Invest in a filtered water source for the office, and consider stocking the fridge with seltzers and natural, unsweetened teas instead of sodas, because water promotes proper hydration (another component of nutrition) and doesn’t affect blood sugar.
Healthy sources of sustained energy for brainpower can improve productivity by up to twenty percent.
Not setting up telecommuters for success.
Working from home is on the rise, and with good reason. It could help your company save money on real estate, building maintenance, and office infrastructure. And it could make your employees happier, thanks to greater flexibility and less travel time. But even if you have a telecommuting policy, you may be overlooking potential trouble spots when your employees start working from home. Like open floor plans, these aren’t necessarily the fault of the policy, but of the implementation. Often, remote work situations evolve organically, without intention, and result in problems for both the remote worker and the team dynamics. Some managers still believe personal tasks and issues will distract employees if they work from home, and that they’ll slack off if they aren’t directly supervised. Ensure that this is based on evidence and results rather than personal bias. Success metrics must be clear and agreed upon in advance, and managers may need training on effective leadership of remote workers. In addition to management issues, the employee might not be ready to handle the distractions of working from home, or well-suited to a remote work situation.
To improve the odds of success, plan carefully with employees and their supervisors before telecommuting begins. Your conversations should cover topics like these and offer solutions in each answer:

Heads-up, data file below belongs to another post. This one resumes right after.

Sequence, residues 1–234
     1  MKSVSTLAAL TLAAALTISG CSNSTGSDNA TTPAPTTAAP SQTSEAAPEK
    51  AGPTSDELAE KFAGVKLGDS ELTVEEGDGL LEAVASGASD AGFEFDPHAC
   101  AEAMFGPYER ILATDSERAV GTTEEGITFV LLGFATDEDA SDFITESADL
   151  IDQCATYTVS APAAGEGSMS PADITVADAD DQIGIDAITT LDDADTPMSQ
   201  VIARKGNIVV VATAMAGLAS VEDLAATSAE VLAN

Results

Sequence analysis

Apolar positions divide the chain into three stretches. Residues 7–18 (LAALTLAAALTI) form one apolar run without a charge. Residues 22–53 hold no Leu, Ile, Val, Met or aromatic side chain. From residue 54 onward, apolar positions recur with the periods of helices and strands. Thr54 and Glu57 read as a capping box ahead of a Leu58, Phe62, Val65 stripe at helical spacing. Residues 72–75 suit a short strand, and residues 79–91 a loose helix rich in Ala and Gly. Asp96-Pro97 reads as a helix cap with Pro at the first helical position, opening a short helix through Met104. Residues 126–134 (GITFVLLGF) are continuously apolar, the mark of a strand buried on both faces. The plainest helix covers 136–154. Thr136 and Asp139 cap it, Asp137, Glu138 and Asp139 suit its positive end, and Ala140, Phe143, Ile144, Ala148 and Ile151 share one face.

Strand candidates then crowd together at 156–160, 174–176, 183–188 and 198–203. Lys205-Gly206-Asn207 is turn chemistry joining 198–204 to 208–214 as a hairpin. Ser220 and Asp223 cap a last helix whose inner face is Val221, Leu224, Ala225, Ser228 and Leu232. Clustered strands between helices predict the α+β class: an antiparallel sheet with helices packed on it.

- Is the employee’s job suited to remote work?
- Is the employee already self-directed and self-motivated?
- How well does the employee manage distraction? The employee who’s always looking at Facebook or drawn into co-workers’ conversations at the office will likely have similar distractibility problems at home.
- What kind of technology infrastructure will be required to keep the employee connected? Does the company, and the employee’s home, have this necessary infrastructure?
- Can the employee use (or learn) these tech tools needed for telecommuting?
- What will the employee’s work-at-home setup be like? Does he have a dedicated workspace that’s conducive to productivity?
- Will other people (especially children or others requiring care) be present during work hours?
- How do the employee’s supervisor and teammates feel about telecommuting? Outdated beliefs about “face-time” and personal biases can influence morale and effectiveness of the telecommuting policy.
- Do telecommuters need a different evaluation practice than you have for in-office workers?
These questions provide a good start to correct any challenges your remote workers might be facing.
Changing communications practices, updating the office floor plan, revamping the snacks, and evaluating the remote work conditions—none of these require radical changes. Often the trouble spots arise organically over time, without intention. Directing some attention to them, and evaluating each with fresh eyes, can positively impact performance, morale, culture, and ultimately, productivity.